Here are early Titan V benchmarks

Last week, Nvidia surprised everyone with the unveiling of its new Titan V graphics card. It's important to note that the Titan V isn't billed as a gaming card—Nvidia even told us directly that "Titan V is not for gaming" when I inquired about getting a review sample. Obviously, $2,999 for just a graphics card is an obscene amount of money, and I get that the most important feature for the target audience is the compute performance, specifically using algorithms that can leverage the Tensor cores, but we still want to know how it fares in other workloads. Thankfully, Videocardz and other places (including Reddit) have started to post some preliminary numbers.

As you might expect, the benefits of Nvidia's new uber-GPU for gaming and graphics purposes aren't all that large, especially considering the price. The GTX 1080 Ti has a nominal performance rating of 11.8 TFLOPS (boost), and the Titan V is rated at 14.9 TFLOPS (boost), both for single-precision FP32 workloads, but how that translates to actual games often depends on many other factors—CPU speed, RAM, resolution and quality settings, and the game/application being used. On paper, we would expect the Titan V to outpace the 1080 Ti by up to 25-30 percent. In practice, it's sometimes a lot more than that… and sometimes a lot less. Here are the current results, using the posted Titan V numbers along with some of our own internal testing:

The difficulty in analyzing the current results is that we don't have fully identical systems. The Titan V benchmarks were done with a Core i7-6700K, apparently running stock, and that immediately raises some concerns about CPU bottlenecks. Videocardz for its part used a Core i7-6800K, a different architecture running on a different platform, with different CPU clocks and core counts. Both the Titan V and Videocardz GPUs are also listed as overclocked, though specific details aren't given. For my tests, I used an i7-8700K, running stock, with an MSI GTX 1080 Ti Gaming X (factory overclocked), giving a third data point.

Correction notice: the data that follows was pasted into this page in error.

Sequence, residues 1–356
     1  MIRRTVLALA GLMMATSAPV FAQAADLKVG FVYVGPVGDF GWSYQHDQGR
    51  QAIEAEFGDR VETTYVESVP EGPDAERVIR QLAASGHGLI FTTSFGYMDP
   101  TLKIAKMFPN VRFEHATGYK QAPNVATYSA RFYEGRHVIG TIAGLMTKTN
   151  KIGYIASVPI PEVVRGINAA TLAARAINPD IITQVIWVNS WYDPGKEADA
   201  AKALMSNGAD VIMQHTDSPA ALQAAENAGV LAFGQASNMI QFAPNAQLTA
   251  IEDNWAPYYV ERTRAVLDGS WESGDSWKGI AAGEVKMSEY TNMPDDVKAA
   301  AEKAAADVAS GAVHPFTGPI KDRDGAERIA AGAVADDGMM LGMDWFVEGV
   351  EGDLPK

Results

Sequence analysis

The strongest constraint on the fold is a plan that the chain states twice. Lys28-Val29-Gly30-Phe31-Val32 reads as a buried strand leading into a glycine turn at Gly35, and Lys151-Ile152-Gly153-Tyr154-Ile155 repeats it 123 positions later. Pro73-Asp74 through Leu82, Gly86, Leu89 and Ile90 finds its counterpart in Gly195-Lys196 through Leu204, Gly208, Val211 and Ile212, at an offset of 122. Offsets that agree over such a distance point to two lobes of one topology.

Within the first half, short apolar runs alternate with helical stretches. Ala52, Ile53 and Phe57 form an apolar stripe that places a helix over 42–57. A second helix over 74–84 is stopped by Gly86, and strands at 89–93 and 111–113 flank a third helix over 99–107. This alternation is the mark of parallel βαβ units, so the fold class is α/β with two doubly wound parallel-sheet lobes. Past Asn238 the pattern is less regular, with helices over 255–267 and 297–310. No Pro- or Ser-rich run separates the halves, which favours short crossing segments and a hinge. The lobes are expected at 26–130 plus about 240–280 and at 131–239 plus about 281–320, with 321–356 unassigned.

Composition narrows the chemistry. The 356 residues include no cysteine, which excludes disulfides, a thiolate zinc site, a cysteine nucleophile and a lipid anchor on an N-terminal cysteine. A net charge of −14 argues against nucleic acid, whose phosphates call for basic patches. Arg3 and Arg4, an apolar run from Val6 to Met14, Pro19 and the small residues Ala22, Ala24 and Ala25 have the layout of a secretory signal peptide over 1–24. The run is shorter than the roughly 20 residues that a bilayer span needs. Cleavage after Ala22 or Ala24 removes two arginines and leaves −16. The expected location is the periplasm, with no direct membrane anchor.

The benchmarks we can easily compare include 3DMark and Unigine tests, aren't always the best predictor of gaming performance. I tried running Rise of the Tomb Raider and Ashes of the Singularity benchmarks as well, but my results indicate either a significant difference in settings or some other factor, so I've omitted the game performance for now.

While Videocardz shows only modest improvements in performance, my GTX 1080 Ti numbers are quite a bit lower. Firestrike Ultra is only 8 percent faster, but Firestrike Extreme shows a 26 percent improvement, Time Spy a 33 percent increase, Heaven gives a 32 percent improvement, and Superposition gives 23 percent at 8K optimized and a whopping 63 percent increase at 1080p extreme.

Obviously there's still the issue of real value, as even a 60 percent improvement is nothing compared with a price that's four times as high. And while Nvidia says the Titan V isn't for gaming, we're still trying to get a card for testing, just to provide some concrete numbers. I also hope to run a few deep learning tests, to show what the Titan V can do with the right workload. But if you're interested in playing games, I can only recommend holding off to see what the actual consumer models of Volta look like.

Jarred Walton

Jarred's love of computers dates back to the dark ages when his dad brought home a DOS 2.3 PC and he left his C-64 behind. He eventually built his first custom PC in 1990 with a 286 12MHz, only to discover it was already woefully outdated when Wing Commander was released a few months later. He holds a BS in Computer Science from Brigham Young University and has been working as a tech journalist since 2004, writing for AnandTech, Maximum PC, and PC Gamer. From the first S3 Virge '3D decelerators' to today's GPUs, Jarred keeps up with all the latest graphics trends and is the one to ask about game performance.